a) I spent the most time on 15... Qh5? with the idea of targetting g2 with ....Rg5 etc. White has to defend accurately, but I think he succeeds: 16. Qxb7! (the universal defensive move 16. h3 fails here to 16... Rg5 17. Kh1 Rg6! 18. Bb2 Qg5 19. Rg1 Ng4! 20. Raf1 Qh4) 16... Ng4! (16... Rg5? 17. f4! exf3 18. Qxf3) 17. h3 Rg5!! This all looked a little speculative, and I knew John would find( I did not consider simply 17... Nf6!? but White is probably fine here too even after the "show me!" pawn-grab 18. Qxa7 Rg5 19. Kh1 Qg6 (19... Rg6 20. Bb2 Qg5 21. Rg1 Ng4 22. Raf1 Qh4 23. Qd7 Rd8 24. Qf5 Rxd2 25. Bc3) 20. Bb2! Rxg2 21. Bxf6 gxf6 22. Rg1!) 18. f4!! -- and when I saw this move, I got a real sinking feeling because it reminded me of an idea John found in a previous game of ours that stopped my kingside initiative cold, so I started to see this kingside attack as the "two-piece attack" (Stoyko's phrase) to which I am so prone.( If I indulged in "hope chess," I might expect 18. hxg4?? Qxg4 19. g3 Rh5!! and White has no hope.) 18... Rg6 (18... exf3? 19. hxg4!!) 19. Bb2! (19. hxg4? Qxg4 20. Kf2! (20. Rf2? Qd1+ 21. Kh2 Rh6+ 22. Kg3 Qh5) 20... Qxg2+ 21. Ke1 Qg3+ 22. Kd1 Qg4+ 23. Ke1 (23. Kc2 Rc8+) 23... Qh4+ 24. Kd1 Qh5+ 25. Ke1 Rg2 26. Qa6 Qh4+ 27. Kd1 Qg4+ 28. Ke1 Rd8!) (19. Qd7?? Nf6) (19. f5!? Rg5 20. Bb2 (20. Qc6 Nf6 21. Bb2 Qxh3 22. Rf2) 20... Nf6 21. Bxf6 gxf6 22. Qc6) 19... Nh6 20. Qd7! Rge6 21. Rac1 and Black has gone from winning to lost.
(b2) 16. Ba3! is the principled response, securing equality after 16... Ng4 17. g3 (17. f4?? exf3) 17... Qh6 18. h4 and now 18... Rf5! seemed like the only try, though it is risky because White grabs the b-pawn and Black's attack seems to yield only a draw against best defense.(18... Rc7 19. d3) 19. Qxb7 Ne5 20. Kh1 (20. Qxe4?? Nf3+) (20. Rfc1 Nf3+ 21. Kg2 Nxh4+ 22. Kf1) 20... Nf3 21. Qd7! Rfe5 22. Rfc1 Nxh4 23. gxh4 (23. Rc8 Nf3+ 24. Kg2 Qh2+ 25. Kf1 Qh1+ 26. Ke2 Nd4+ 27. exd4 Qf3+ 28. Ke1 Qh1+ 29. Ke2 Qf3+=) 23... Qxh4+ 24. Kg1 Rg5+ (24... Rd8 25. Rc8!) 25. Kf1 Qh1+ 26. Ke2 Qf3+ 27. Kf1= and Black has nothing better than perpetual.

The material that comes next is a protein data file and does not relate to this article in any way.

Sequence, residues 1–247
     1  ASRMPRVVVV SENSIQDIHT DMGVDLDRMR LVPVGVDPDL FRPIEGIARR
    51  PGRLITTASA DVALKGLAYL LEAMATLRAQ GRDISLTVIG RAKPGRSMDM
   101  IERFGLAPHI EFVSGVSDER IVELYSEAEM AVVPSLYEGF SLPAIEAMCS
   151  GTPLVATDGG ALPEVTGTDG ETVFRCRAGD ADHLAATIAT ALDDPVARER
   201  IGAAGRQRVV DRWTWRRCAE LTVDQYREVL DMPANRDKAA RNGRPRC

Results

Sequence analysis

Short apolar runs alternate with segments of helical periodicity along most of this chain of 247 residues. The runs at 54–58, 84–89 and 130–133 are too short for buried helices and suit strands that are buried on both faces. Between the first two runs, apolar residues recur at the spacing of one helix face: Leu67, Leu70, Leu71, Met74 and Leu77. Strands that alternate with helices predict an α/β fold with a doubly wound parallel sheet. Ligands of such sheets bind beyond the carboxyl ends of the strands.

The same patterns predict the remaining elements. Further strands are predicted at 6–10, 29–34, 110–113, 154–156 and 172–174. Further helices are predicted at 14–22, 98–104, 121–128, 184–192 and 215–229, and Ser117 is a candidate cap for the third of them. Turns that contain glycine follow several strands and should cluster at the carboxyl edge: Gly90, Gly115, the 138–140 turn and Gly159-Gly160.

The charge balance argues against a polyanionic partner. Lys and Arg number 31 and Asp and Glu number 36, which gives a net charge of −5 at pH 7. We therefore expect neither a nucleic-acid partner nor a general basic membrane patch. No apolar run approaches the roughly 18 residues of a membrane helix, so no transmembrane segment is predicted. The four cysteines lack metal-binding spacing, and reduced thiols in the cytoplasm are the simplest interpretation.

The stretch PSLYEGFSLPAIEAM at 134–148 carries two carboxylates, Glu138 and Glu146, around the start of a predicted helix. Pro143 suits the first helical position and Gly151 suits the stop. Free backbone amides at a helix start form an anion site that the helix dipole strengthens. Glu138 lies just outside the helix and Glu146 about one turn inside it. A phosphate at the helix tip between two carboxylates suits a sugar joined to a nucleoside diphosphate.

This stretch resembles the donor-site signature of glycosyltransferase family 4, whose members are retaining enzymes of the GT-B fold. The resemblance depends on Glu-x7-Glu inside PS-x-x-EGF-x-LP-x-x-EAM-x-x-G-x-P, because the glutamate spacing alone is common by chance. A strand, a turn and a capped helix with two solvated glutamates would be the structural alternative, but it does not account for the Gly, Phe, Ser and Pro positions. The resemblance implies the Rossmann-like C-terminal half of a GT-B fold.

c) 15... Qxb3! 16. axb3 a6 would have been Capablanca's preference, after which Black is in control with a queenside majority and better structure. Play might go 17. Bb2! Nd5 ( maybe 17... Rc2 18. Bc3 Nd7 19. f3 Nc5) 18. Rfc1 Rec8 19. f3 Rxc1+ 20. Rxc1 Rxc1+ 21. Bxc1 f5! and the Knight is better than the Bishop. The only thing that prevented me from playing this way was that I thought I deserved more from the position--which is always a rather dangerous story to tell oneself.
d) 15... Qc6 lets White eliminate one weakness with 16. d4!? (16. Bb2 is objectively better) 16... Rc3 17. Qd1 Rc8 18. Bd2 Rc2 19. Rc1 with drawing chances, though the ending of Bishop vs. Knight should again favor Black.
Creating some luft while squelching Black's remaining kingside fantasies.
This impetuous pawn grab, however, practically throws away the win since the resulting kingside weakness will give White something to play for in the heavy piece ending that follows. Black needs to have more restraint. Better is 17... Rd3 18. Bc3 Nd5
Seeking a difficult Rook ending. Objectively better may be 22. Qa4!
After this "patzer check," the win seems to slip away. Now White's king gets to the critical squares on the kingside and Black will have to take too many risks to win. Best was 23... Kg7 24. Kf1 (24. Kh2 Kg6 25. Kg3 (25. f3 Kf5) 25... Kf5) 24... f5 25. Ke2 Kf6
and I offered a draw, which was gladly accepted. I don't think Black can make progress easily due to the problem of his kingside pawns. I was also too short of time to have real chances of winning a technical ending.1/2-1/2
Game in PGN